Lagarde and Carstens shortlisted for IMF job
The International Monetary Fund (IMF) has shortlisted French finance minister Christine Lagarde and Mexican central bank chief Agustin Carstens for the IMF's top job.
And in a surprise move it has failed to change IMF rules to include Bank of Israel's Stanley Fischer because he is over 65 adding that this would require the re-opening of the selection process.
"The executive board will meet with the candidates in Washington and, thereafter, meet to discuss the strengths of the candidates and make a selection," the board said in a statement yesterday.
It added that it plans to complete the selection by June 30, as expected.
Front-runner Ms Lagarde is backed by the European Union and a handful of other countries.
Mr Carstens has the support of a dozen Latin American countries but it is widely expected that Europe will maintain its 65-year grip on the job.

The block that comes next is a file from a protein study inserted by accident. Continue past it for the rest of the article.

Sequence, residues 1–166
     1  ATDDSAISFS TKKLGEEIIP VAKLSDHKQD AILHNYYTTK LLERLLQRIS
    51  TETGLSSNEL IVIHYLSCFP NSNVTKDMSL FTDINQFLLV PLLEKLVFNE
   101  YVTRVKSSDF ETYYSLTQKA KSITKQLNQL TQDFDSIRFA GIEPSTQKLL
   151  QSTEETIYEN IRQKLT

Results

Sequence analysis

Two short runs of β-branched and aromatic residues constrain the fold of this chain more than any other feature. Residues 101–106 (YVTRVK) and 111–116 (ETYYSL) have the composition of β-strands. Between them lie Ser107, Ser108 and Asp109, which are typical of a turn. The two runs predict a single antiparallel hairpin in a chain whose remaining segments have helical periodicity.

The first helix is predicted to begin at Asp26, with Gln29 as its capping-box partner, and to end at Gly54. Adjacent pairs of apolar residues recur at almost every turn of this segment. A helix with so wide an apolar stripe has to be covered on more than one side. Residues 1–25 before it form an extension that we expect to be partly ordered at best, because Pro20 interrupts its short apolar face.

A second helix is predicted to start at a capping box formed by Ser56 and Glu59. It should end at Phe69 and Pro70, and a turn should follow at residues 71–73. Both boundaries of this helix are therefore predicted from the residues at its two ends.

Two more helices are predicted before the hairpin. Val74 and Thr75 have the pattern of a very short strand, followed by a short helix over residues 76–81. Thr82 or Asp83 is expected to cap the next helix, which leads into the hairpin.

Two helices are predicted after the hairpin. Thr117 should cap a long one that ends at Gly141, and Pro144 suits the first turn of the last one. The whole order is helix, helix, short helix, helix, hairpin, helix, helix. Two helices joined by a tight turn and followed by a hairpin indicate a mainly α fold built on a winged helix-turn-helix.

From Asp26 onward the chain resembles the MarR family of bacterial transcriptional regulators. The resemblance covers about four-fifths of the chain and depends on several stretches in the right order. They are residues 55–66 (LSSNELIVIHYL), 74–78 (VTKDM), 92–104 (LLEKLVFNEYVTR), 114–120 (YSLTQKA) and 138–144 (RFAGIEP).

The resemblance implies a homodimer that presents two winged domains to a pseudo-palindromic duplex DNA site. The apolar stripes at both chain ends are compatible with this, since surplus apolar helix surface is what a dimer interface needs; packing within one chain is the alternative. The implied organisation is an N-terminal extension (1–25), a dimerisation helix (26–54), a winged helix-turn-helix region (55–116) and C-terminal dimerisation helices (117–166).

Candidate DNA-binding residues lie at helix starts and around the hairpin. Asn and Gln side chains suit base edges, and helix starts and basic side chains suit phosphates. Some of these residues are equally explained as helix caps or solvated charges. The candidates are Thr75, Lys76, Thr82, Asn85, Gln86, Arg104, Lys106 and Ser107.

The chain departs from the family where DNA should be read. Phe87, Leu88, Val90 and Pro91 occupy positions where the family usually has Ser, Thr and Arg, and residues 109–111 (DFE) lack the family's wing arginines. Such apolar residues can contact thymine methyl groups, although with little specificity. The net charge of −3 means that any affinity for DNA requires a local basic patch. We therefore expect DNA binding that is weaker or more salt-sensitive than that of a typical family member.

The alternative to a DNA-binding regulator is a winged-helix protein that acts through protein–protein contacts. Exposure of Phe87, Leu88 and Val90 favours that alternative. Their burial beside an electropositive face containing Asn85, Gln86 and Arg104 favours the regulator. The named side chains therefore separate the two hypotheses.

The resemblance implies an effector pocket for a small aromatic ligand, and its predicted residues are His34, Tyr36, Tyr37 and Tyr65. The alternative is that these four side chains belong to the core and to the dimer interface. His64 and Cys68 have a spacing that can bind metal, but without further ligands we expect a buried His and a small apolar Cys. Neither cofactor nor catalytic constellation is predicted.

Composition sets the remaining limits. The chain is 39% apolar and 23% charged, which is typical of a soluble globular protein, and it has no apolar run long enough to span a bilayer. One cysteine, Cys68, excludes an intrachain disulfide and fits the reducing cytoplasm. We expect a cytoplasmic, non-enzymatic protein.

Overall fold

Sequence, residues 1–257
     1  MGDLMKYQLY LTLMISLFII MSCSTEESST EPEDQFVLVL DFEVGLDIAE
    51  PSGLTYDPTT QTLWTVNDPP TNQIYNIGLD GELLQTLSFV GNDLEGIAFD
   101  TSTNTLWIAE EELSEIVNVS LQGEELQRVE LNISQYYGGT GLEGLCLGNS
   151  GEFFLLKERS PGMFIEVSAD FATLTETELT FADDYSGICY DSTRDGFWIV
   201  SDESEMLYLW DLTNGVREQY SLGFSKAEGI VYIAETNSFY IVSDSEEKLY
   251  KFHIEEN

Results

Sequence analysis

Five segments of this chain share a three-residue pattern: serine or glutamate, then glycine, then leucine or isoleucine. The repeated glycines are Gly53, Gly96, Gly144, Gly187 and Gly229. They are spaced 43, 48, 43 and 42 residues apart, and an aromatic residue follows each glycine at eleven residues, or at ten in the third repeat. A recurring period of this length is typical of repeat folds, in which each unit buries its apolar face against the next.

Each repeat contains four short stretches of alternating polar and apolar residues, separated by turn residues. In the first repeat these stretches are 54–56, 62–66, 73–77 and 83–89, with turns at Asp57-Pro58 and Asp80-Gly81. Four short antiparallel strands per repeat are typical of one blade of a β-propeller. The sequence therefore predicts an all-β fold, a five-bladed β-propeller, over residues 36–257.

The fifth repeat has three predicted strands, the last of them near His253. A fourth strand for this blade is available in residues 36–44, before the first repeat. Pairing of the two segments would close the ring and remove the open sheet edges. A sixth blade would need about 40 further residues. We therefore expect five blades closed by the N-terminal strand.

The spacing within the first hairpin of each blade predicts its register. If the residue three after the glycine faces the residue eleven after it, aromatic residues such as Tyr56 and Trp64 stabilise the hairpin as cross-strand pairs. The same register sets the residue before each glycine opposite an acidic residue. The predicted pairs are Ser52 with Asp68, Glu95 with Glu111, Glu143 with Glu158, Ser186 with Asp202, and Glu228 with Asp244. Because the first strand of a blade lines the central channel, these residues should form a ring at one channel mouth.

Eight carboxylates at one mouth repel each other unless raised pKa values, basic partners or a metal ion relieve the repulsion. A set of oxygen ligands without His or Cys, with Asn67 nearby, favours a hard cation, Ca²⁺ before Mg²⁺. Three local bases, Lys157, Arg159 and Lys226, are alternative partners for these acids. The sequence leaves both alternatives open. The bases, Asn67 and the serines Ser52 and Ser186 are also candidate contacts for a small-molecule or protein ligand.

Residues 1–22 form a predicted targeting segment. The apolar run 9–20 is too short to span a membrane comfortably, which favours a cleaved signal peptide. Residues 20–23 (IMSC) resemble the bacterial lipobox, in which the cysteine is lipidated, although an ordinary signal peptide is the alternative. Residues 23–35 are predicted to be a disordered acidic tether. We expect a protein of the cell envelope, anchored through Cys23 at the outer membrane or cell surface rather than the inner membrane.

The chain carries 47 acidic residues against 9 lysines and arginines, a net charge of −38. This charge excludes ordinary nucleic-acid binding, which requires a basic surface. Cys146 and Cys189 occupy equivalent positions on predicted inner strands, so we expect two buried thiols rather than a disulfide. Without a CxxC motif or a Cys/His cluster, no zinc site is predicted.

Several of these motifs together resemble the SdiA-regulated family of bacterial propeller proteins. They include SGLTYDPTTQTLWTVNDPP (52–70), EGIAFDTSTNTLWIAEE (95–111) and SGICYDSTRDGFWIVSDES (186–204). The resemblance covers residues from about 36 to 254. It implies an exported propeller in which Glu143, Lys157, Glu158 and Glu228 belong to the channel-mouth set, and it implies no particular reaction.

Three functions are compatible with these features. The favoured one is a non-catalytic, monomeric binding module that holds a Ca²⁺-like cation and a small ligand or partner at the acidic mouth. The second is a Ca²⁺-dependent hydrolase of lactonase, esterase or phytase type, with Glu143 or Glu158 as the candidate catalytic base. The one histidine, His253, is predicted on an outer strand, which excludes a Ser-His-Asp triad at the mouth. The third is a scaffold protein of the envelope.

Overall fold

Mr Carstens acknowledged on Monday during an appearance in Washington that he was a long-shot candidate and he knew chances were "quite high" that Lagarde would get the job left vacant by Dominique Strauss-Kahn, who was arrested in New York in May on sexual assault charges. He has denied the charges.
The Mexican candidate added that the European debt crisis has made it harder to break the tradition of European leadership at the fund, even though members agreed some time ago the next managing director should be selected on the basis of merit.
The US treasury department has yet to endorse a candidate although the odds are on its backing of Ms Lagarde.
But she still faces tough questioning when she is interviewed by the 24-member board considering economic conditions in Europe.